To read more click here. 

Response

By James Burdick

What’s the point of printing the ka-ka that the Washington Times pouts out? This is their absurd take on a very serious problems. It’s not the assessment of costs, fines and fees that the economically disadvantaged suffer – typically black and other minorities – it’s putting them in jail “until” they can pay.

Which of course is never. How does that help society. Someone steals a pound of hamburger meat from a grocery store. What is he, a terrorist? A murdered? A rapist? No, he’s hungry and has no money for food for himself or his family. So order him to pay thousands in costs, court fees and fines and then jail him for not paying because he has no money? This the Washington Times thinks is evidence of race bias by the President’s administration. They should try living on $7.00 an hour with a few kids and see how long they can do that.

James Burdick, a former Wayne County prosecutor, is a criminal defense attorney who also handles health care cases at Burdick Law, P.C. in Bloomfield Hills, Mich.

FBI Opens iPhone without the Help of Apple; Justice Department Withdraws Case

Apple logoBy Steve Neavling
ticklethewire.com

The federal government has successfully cracked the security function on an iPhone of one of the San Bernardino terrorists and officially withdrew its legal battle against Apple.

But the USA Today suggests the bigger battle over tech privacy “is just getting started,” citing observers in the industry.

“This lawsuit may be over, but the Constitutional and privacy questions it raised are not,” Congressman Darrell Issa (R-Calif.), who had criticized the Justice Department’s suit against Apple, said in a statement Monday.

An unidentified entity suggested a method to open the phone without erasing its contents, allowing the government to gain access to the phone.

Apple still defended its position that creating a backdoor for law enforcement would enable less scrupulous people from hacking into phones.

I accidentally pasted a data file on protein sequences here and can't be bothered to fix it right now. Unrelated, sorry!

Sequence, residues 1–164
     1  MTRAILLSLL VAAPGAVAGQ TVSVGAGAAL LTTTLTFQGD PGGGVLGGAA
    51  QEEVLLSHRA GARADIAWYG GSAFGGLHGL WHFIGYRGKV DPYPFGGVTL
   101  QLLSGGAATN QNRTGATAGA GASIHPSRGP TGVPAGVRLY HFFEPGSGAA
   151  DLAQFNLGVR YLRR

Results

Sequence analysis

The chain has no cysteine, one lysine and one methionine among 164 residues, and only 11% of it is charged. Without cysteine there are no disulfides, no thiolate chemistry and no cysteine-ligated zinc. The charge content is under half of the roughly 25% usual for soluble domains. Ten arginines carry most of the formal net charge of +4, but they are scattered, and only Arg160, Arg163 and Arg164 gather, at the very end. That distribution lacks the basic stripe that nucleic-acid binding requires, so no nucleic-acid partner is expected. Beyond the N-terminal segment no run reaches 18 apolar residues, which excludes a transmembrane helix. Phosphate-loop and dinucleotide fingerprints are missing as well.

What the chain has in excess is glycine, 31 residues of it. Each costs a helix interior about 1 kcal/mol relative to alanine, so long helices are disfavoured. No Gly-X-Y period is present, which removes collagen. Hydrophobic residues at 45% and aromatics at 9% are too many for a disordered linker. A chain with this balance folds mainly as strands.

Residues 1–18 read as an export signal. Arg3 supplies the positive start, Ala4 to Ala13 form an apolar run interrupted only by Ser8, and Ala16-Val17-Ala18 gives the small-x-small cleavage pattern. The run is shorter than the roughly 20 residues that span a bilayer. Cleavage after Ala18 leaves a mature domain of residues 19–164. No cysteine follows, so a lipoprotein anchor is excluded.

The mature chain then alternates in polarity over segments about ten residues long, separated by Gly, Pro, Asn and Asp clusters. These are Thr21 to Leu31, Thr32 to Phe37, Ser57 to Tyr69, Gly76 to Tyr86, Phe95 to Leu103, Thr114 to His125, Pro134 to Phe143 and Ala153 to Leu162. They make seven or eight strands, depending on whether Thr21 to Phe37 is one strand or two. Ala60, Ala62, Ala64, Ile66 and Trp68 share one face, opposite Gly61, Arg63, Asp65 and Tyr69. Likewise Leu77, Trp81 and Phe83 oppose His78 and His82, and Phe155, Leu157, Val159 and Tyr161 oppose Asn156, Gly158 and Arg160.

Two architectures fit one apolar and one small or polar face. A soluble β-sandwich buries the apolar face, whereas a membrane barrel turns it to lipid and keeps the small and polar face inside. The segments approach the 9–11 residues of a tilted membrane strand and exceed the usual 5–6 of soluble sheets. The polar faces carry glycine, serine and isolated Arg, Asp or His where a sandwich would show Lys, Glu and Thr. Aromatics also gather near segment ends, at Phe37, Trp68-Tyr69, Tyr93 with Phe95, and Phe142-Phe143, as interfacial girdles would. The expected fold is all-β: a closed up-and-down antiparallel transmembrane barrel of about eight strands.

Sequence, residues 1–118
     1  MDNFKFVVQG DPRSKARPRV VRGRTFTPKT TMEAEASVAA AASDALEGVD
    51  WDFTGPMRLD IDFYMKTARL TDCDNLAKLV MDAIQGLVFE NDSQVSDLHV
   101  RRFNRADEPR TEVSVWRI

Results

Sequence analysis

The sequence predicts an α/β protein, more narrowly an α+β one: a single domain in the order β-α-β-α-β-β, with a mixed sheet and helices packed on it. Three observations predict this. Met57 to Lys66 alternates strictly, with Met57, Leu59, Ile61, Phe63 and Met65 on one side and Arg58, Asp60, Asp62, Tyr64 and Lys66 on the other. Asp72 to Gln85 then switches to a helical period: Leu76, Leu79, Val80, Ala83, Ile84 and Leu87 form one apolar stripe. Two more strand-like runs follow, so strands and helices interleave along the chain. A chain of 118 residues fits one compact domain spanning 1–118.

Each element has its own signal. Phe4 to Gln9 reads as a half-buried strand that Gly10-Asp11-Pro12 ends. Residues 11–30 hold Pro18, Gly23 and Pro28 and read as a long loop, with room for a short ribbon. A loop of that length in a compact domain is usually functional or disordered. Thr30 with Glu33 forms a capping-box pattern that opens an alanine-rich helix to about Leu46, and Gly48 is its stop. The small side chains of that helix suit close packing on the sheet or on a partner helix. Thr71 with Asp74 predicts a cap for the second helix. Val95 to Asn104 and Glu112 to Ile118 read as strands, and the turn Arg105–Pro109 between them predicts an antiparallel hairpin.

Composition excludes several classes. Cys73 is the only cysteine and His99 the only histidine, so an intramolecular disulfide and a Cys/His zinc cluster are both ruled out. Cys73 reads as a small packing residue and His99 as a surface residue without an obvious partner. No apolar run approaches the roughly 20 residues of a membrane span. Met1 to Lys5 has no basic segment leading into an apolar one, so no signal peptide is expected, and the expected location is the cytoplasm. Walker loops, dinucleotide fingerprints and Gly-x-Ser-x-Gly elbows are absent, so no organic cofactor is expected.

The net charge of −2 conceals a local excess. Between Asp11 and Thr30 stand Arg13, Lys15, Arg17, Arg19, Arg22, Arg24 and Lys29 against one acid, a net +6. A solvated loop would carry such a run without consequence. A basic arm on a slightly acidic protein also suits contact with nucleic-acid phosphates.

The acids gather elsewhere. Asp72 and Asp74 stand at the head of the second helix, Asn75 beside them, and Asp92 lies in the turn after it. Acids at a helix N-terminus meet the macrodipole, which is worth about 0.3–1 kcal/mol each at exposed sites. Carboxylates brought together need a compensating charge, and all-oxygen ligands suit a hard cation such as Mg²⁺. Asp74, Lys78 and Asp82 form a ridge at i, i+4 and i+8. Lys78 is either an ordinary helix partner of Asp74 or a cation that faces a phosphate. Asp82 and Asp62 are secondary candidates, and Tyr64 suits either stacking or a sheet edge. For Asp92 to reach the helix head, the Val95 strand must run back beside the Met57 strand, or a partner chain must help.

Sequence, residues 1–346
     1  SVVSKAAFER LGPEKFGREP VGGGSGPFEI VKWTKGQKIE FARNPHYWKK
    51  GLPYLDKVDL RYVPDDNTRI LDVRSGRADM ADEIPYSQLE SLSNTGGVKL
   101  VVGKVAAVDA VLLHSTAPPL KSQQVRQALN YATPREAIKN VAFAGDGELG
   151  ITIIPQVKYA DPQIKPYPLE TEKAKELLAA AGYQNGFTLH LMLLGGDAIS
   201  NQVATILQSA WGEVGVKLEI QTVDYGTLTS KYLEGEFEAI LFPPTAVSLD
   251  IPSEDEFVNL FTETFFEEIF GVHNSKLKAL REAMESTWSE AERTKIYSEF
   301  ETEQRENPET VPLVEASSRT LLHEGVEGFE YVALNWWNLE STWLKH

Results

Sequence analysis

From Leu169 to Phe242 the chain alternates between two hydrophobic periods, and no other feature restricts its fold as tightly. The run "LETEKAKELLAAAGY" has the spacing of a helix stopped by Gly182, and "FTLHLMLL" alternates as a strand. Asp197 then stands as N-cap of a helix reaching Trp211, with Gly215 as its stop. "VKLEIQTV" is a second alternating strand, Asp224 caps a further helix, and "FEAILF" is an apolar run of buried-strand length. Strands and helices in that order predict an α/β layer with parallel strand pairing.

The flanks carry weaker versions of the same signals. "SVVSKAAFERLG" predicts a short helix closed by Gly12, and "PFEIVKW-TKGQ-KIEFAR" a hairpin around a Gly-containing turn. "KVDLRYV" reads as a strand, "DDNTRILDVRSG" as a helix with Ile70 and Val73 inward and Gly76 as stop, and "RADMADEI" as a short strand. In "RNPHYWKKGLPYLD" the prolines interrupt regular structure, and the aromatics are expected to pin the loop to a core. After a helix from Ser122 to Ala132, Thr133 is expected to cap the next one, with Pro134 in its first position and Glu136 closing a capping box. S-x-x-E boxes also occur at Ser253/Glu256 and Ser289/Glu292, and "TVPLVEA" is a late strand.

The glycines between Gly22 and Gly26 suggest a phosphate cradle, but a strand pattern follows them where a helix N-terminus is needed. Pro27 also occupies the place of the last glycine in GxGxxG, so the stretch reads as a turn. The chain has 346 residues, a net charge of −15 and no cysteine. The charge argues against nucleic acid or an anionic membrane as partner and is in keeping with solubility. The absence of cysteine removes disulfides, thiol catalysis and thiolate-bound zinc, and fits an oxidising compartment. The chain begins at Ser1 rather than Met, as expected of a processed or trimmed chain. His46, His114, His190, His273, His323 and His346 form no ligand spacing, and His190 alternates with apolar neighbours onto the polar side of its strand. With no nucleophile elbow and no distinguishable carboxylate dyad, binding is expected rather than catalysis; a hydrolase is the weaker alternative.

“This case should never have been brought,” Apple said in a statement released late Monday. “We will continue to help law enforcement with their investigations, as we have done all along, and we will continue to increase the security of our products as the threats and attacks on our data become more frequent and more sophisticated. … This case raised issues which deserve a national conversation about our civil liberties, and our collective security and privacy.”

Boston Globe: Apple’s Battle with FBI Is Not a Free Speech Issue

Apple CEO Tim Cook.

Apple CEO Tim Cook.

By Editorial Board
Boston Globe

Apple may have won widespread public sympathy in its showdown with the FBI, but some of its less publicized decisions in the case should raise alarms. As part of its legal campaign to resist an order to break into a terrorist’s iPhone, the company is quietly pushing a pro-corporate interpretation of the First Amendment that could do real damage to the government’s ability to regulate commerce and protect consumers.

A bit of background: After the terrorist massacre in San Bernardino last year, federal investigators were unable to access an iPhone that belonged to Syed Farook, one of the attackers. To overcome the phone’s security features, authorities ordered Apple to write new software that would allow the FBI to break into the phone. Apple says creating the code the FBI demands would weaken privacy protections for all iPhone users and has engaged in a war of words with the Justice Department over the government’s demand. The legal battle is now on hold as the FBI explores a possible workaround that might allow investigators to enter the phone without Apple’s help. But if that method fails, the case could soon heat up again.

Much of the company’s case rests on reasonable objections to the FBI’s interpretation of a 1789 law, the All Writs Act, which the government claims gives investigators the power to demand Apple help them. But Apple goes a step further, adding a misguided constitutional contention. That part of the company’s case goes like this: Complying with the FBI order would require it to write code. Computer code, courts have ruled in other cases, is a form of speech. Thus, the order amounts to a First Amendment violation.“The government seeks to compel Apple’s speech” in the form of code it objects to writing, the company said in a court filing.

But while Apple has a lot of good reasons to fight the FBI in the San Bernardino case, the First Amendment is not one of them.

To read more click here.